Studying through the recession

An item this week in the Belfast Telegraph reported that, as the recession affects employment and job prospects, more people are opting for university degree programmes, and in particular postgraduate (and post-experience) degrees. In this particular case, students were reported to be causing a surge in demand for the programmes of the Business School of the University of Ulster; I expect that the experience is similar across business schools in the other universities in Ireland.

In fact, though we have not yet been able to quantify this, the recession has significantly affected student behaviour. The signs are that we’ll find a much lower drop-out rate amongst all students, and greater attendance. Nobody would want to suggest that the recession is a good thing, but its impact on student preferences and behaviour may actually be beneficial.

But it is also important to note that this is a time for universities and other higher education institutions to provide access to education and training for those who have lost jobs or whose jobs may be at risk. The announcement by the Minister for Education earlier this week of additional funded places in higher education for the unemployed (well, part-funded) should prompt all universities to focus on the need to re-activate the labour market by providing higher levels of education to those who may benefit from them.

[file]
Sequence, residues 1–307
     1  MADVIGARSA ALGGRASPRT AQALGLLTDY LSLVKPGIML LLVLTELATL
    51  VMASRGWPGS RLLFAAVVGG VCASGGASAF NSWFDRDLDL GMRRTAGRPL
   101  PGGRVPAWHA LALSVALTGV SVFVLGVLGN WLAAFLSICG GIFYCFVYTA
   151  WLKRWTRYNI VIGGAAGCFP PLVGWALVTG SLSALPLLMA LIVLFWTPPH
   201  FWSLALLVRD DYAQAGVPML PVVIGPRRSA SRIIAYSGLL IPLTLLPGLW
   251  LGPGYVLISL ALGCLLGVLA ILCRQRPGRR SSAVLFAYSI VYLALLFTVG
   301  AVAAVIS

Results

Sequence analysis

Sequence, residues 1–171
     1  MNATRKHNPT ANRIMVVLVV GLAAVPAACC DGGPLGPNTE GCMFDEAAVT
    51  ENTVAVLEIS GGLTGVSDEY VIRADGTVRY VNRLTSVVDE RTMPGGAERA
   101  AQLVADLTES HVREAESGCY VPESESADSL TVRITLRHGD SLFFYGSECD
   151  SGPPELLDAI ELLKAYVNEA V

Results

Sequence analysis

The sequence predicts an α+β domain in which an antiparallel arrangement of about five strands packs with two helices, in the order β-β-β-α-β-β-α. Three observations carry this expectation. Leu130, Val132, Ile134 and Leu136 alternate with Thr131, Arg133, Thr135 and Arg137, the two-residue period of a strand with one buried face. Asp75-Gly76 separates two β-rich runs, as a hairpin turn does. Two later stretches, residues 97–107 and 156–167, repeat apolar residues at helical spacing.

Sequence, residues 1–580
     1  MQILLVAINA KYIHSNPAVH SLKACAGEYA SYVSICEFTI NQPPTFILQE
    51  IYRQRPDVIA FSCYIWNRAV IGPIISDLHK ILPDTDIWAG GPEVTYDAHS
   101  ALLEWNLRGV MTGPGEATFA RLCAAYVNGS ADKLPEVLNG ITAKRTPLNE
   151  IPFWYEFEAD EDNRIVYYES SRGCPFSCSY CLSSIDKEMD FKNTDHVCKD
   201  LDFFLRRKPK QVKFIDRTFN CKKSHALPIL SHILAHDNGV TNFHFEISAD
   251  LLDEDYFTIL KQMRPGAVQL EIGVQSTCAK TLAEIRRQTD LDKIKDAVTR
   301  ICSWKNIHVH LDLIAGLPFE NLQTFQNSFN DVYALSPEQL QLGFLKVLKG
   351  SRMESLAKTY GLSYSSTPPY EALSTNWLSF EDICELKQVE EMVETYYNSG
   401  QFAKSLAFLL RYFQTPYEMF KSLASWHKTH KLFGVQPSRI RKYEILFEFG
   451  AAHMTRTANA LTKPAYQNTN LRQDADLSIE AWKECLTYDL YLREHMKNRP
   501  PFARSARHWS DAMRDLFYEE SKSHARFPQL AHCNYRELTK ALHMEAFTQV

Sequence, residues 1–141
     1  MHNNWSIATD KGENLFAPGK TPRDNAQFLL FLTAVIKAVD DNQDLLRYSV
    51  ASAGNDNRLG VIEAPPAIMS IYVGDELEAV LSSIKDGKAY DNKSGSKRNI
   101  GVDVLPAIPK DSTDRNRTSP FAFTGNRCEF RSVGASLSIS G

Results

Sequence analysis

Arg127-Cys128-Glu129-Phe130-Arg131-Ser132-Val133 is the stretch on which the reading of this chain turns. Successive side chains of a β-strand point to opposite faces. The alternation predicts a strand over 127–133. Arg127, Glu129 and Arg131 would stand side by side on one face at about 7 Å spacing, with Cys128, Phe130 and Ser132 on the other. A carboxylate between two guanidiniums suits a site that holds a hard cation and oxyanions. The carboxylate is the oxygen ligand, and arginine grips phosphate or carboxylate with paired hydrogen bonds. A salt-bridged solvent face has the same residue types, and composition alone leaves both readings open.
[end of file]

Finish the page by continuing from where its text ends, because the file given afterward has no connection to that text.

Perhaps what we all need to do at this time is to re-discover a sense of community and to do what we can to show solidarity. DCU intends to play a major role in that process.

Explore posts in the same categories: economy, higher education, society

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3 Comments on “Studying through the recession”

  1. Richard Says:

    “It’s an ill wind that blows nobody any good” as my Grandmother used to say, and more recently I overheard on the Luas “A recession is an opportunity that is too good to waste”. Many of the recent graduates that I know are now going back to College to try and make themselves more attractive in a diminished job market and avoid “gaps’ on their CVs. (Just for devilment…)I wonder at what stage one draws the line between Universities providing valuable up-skilling opportunities and exploiting the desperation of those unable to find employment!

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